Up until the past couple of years, many of us in the western world always considered shortages to be something that only “unsophisticated” poor countries on the other side of the planet had to deal with. But the last couple of years have shown us that painful shortages can happen to wealthy countries in the western world too. At first we were told that they were “just temporary”, but the months went by and we just kept having more shortages. In fact, in 2022 “supply problems” have become so serious that many supermarkets in Europe have been forced to strictly ration essential items at various times. For example, it was being reported that due to the war in Ukraine flour, sunflower oil and sugar were all being rationed by stores in Greece…
After limiting the sale of some flours and sunflower oil online, Greek supermarkets are turning to rationing the sale of sugar as well, now including in their stores, over supply problems.
The AB Vassilopoulos is setting a maximum limit on the purchase of all brands of corn and sunflower oil and of flour per customer while Mymarket put a ceiling on sunflower oil purchases and Sklavenitis has added sugar to the rationed sales of corn oil through its online store, with a maximum of four packs, the products in high demand from restaurants, some of which said they have to stop selling french fries and other fried foods.
Over the past few months we have seen similar measures implemented in other major European nations as well. For example, the war in Ukraine prompted some pretty severe rationing in Spain…
Sporadic shortages of products like eggs, milk, and other dairy products also hit Spain since the war in Ukraine began. And major supermarkets including Mercadona and Makro began rationing sunflower oil earlier this month.
Now, stores will temporarily be allowed to limit “the number of goods that can be bought by a client,” according to information in the Official State Gazette published on Wednesday.
Looking forward, natural gas rationing is the next big thing that many people in Europe are talking about. The flow of Russian natural gas into Europe has been cut back, and it appears that this may soon cause widespread rationing in Italy…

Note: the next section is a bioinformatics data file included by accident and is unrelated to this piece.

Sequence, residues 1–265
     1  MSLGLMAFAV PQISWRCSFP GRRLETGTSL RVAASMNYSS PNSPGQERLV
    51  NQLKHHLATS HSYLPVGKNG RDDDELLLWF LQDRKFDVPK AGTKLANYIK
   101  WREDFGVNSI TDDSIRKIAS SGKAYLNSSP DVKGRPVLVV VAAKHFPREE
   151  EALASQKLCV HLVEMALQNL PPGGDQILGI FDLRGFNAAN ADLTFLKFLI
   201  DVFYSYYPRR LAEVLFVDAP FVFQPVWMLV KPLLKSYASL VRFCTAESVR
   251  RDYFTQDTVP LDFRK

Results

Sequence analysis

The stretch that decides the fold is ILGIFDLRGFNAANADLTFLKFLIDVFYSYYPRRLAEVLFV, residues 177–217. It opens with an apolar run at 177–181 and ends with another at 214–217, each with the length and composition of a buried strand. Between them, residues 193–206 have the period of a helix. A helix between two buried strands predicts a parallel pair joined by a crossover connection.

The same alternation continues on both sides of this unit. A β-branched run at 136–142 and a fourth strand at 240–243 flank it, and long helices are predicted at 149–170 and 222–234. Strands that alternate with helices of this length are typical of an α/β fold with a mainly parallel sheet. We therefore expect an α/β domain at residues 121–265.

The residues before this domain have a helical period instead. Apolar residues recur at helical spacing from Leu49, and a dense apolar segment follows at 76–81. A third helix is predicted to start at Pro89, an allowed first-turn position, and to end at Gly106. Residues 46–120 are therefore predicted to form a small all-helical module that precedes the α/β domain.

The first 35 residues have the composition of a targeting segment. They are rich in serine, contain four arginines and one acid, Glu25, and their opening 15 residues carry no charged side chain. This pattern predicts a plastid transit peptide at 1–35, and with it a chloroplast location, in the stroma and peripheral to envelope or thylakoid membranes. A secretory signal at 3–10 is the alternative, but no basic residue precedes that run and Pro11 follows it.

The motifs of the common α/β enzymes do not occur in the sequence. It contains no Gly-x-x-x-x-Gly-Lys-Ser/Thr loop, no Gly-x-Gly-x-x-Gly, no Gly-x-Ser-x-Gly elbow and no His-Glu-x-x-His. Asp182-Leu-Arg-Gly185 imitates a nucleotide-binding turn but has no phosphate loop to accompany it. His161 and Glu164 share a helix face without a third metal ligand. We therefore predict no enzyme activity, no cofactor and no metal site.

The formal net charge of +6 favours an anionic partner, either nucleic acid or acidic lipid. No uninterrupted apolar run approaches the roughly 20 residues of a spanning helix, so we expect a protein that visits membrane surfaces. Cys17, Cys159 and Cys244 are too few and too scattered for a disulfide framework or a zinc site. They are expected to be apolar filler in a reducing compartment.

Italy may start rationing natural-gas consumption to certain industrial giants, after Russia’s Gazprom halved supplies on Friday.
On the weekend, the newspaper Corriere della Sera reported that the Italian government and energy industry would meet Tuesday and Wednesday to discuss the crisis, with the likely outcome being the introduction of a state of alert under the country’s gas emergency protocol.
And CNN is reporting that Germany is “one step closer to rationing supplies” now that Russia has decided to reduce the flow of natural gas going to that country…
Europe’s biggest economy is now officially running short of natural gas and is escalating a crisis plan to preserve supplies as Russia turns off the taps.
Germany on Thursday activated the second phase of its three-stage gas emergency program, taking it one step closer to rationing supplies to industry — a step that would deliver a huge blow to the manufacturing heart of its economy.
Of course there are other parts of the globe that are dealing with problems that are far, far more serious than what Europe is facing right now.
As I discussed in an article that I posted earlier this week, significant numbers of people are starting to literally drop dead from starvation in portions of eastern Africa. Global food supplies just keep getting tighter, and the head of the UN is openly telling us that the world is heading into an “unprecedented global hunger crisis”.
So if you have plenty of food to eat tonight, you should be thankful.
Here in the United States, economic conditions are deteriorating fairly rapidly, and most Americans are completely and totally unprepared for any sort of a major economic downturn. Earlier today, I came across yet another survey that shows that about 60 percent of all Americans are currently living paycheck to paycheck…
“We find that consumers in all income brackets — including those who make more than $100,000 annually — are living paycheck to paycheck. PYMNTS’ research finds that 61% of U.S. consumers were living paycheck to paycheck in April 2022, marking a 9 percentage point increase from 52% in April 2021, meaning that approximately three in five U.S. consumers devote nearly all of their salaries to expenses with little to nothing left over at the end of the month.”
So what is going to happen when those people start losing their jobs in large numbers?